The situation in Hong Kong is a nightmare for Xi Jinping. China’s president has made the restoration of his country’s power and dignity the central theme of his presidency. But part of China’s sovereign territory has descended into violent anarchy.
Universities have turned into battlegrounds. Protesters are hurling Molotov cocktails at the police, but they appear to retain a strong measure of support from the population. Chinese troops have appeared on the streets — but so far only to help clear the roads. Deploying them against the demonstrators could plunge Hong Kong into a long-term insurrection, similar to Belfast in the 1970s or Algiers in the 1950s.
Mr Xi could plausibly argue that the immediate crisis is not his fault. The spark for the first demonstrations in June was the introduction of a bill allowing extradition of criminal suspects from Hong Kong to mainland China. By most accounts that was an idea pushed by Carrie Lam, Hong Kong’s chief executive. When Beijing saw the depth of the opposition, it tried to react sensibly by suspending the bill. But, by then, the protest movement had broadened its aims and gathered an irresistible momentum.
Mr Xi bears a broader responsibility. In the seven years since he came to power, the Chinese state has become significantly more authoritarian, preparing the ground in Hong Kong for a backlash against rule from Beijing.
An anti-corruption drive has seen prominent figures disappear from public life on the mainland and a rash of suicides among Communist party officials. More than a million people have been interned in re-education camps in the province of Xinjiang. The treatment of Xinjiang is often cited by demonstrators in Hong Kong as a sign of how far Beijing will go to crush cultural and regional diversity.
The increasingly Kafkaesque legal system of mainland China stands in stark contrast with Hong Kong’s own tradition of the rule of law. But during the Xi period, the mainland’s intolerance for free speech and thuggish attitude towards the law has seeped into Hong Kong itself. The case of some Hong Kong booksellers who were kidnapped — then detained on the mainland — sent a chilling message as did the decision to ban elected lawmakers from the Hong Kong assembly, for mangling loyalty oaths to China.
Prominent anti-Beijing political activists such as Joshua Wong and Edward Leung were imprisoned. Mr Wong is now out of jail, while the still-imprisoned Mr Leung finds his slogan, “Free Hong Kong, revolution now”, chanted on the streets.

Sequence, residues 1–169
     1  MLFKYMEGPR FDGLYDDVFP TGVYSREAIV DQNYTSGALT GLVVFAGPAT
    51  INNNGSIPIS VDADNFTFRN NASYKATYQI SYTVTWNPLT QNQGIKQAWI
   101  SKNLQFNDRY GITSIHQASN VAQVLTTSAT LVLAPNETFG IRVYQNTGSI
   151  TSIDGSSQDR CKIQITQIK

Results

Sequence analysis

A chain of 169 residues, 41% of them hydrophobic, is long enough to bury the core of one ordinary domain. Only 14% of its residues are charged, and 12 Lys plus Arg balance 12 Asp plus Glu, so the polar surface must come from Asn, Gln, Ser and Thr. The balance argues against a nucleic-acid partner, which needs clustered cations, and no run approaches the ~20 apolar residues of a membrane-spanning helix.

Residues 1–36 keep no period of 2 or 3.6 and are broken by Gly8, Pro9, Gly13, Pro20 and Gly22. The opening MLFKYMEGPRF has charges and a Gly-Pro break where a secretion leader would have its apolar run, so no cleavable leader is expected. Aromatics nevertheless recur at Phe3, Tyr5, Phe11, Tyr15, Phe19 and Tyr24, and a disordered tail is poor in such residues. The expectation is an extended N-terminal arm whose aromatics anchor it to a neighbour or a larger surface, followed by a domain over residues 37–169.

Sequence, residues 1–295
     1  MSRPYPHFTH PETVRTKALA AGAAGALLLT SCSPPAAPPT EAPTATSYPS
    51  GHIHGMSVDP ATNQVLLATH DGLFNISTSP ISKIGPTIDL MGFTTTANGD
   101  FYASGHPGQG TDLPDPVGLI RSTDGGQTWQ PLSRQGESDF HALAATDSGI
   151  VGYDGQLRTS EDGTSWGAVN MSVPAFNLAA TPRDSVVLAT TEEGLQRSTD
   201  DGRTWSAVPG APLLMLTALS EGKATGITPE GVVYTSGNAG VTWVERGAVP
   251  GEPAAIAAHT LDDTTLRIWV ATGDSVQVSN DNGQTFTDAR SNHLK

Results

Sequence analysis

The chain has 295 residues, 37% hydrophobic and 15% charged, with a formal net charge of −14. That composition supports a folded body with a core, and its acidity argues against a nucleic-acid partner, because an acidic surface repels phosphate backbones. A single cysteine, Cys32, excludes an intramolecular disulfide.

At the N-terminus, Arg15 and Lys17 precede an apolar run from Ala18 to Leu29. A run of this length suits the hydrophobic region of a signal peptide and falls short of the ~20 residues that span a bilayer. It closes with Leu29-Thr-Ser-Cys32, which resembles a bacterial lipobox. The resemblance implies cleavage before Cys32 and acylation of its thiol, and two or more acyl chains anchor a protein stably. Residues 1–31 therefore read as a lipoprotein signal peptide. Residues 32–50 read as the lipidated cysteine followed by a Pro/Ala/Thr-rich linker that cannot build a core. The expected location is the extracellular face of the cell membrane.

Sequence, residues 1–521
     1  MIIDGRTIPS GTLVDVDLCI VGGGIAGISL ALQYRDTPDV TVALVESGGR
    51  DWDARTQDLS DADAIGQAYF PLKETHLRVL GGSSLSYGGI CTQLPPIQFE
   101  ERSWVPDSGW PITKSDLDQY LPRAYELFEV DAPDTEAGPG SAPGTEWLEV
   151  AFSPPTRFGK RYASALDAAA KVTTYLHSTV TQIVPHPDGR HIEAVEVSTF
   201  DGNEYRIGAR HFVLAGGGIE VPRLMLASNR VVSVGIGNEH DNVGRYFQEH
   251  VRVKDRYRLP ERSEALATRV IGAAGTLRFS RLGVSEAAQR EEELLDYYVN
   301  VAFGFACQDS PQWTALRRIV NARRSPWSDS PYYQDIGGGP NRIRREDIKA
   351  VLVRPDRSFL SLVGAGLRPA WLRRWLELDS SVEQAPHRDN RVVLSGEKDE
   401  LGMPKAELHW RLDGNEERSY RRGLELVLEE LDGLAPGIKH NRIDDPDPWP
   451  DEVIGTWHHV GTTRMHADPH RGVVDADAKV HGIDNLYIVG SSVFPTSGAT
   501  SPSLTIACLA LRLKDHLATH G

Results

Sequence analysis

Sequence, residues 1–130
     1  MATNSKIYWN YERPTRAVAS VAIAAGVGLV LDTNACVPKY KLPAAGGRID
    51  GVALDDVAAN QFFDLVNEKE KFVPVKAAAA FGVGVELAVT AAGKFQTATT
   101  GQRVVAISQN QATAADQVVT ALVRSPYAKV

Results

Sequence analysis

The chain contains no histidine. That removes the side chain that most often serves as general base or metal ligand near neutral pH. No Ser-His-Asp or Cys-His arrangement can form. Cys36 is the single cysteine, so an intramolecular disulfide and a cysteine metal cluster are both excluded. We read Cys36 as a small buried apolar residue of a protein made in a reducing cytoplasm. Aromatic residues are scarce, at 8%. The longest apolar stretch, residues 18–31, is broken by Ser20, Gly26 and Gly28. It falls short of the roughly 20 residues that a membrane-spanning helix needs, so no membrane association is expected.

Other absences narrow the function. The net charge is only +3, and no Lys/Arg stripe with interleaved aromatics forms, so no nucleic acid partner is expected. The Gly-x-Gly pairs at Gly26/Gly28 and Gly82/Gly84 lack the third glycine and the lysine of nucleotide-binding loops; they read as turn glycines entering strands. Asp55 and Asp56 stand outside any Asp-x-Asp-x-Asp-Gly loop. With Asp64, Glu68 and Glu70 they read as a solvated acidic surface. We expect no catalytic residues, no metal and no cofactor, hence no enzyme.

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There were always tensions inherent in the uneasy formula of “one country, two systems”. In 2003, there were big demonstrations against a proposed national security law for Hong Kong, pushed by Beijing. But, in the 15 years between the handover of Hong Kong from Britain to China in 1997 and the accession to power of Mr Xi in 2012, those tensions proved manageable. Hong Kong citizens could reasonably hope that mainland China might evolve into a more liberal and law-governed society in the decades running up to the full integration of Hong Kong with China, scheduled for 2047.
But during the Xi years, China has gone backwards politically. Maoist-era slogans have been revived and “Xi Jinping Thought” has been written into the Chinese constitution. Free speech has been further restricted; civil rights lawyers have been locked up and non-governmental organisations have been closed down.
It is hardly surprising if Hong Kong now regards the prospect of full integration with the mainland with horror. And that date no longer seems impossibly far-off. The most radical demonstrators are often in their teens or early twenties. They will be in the prime of their lives when the second handover takes place in 2047. So their assertions that they are fighting for their freedom cannot be dismissed as hyperbole — even if their tactics can be challenged.
The current revolt raises questions not just about Mr Xi’s handling of Hong Kong, but about his entire project. The president’s mantra is “the great rejuvenation of the Chinese people” and central to that is the restoration of national territorial integrity. After Hong Kong, the next step is meant to be Taiwan.
The Chinese government has repeatedly threatened to invade Taiwan if the self-governing island were ever to declare formal independence. However, if Beijing cannot control the streets of Hong Kong, the idea that mainland China could successfully conquer Taiwan seems incredible.
Just as disturbingly for Mr Xi’s vision, the rebellion in Hong Kong undermines a central tenet of the patriotic education pushed by the Communist party: namely that there is “one China” and that all Chinese people long for nothing more than to be united. It is now clear that millions of Hong Kongers do not feel that ethnic solidarity overrides their political concerns about mainland China. On the contrary, they are increasingly asserting a separate Hong Kong identity, that is often tinged with prejudice against mainlanders.
Watching events unfold in Hong Kong inspires a fear of impending tragedy. But finding a peaceful way out would require Mr Xi to display a humility, open-mindedness and tolerance for opposing points of view that seem completely alien to him and the system that he has created.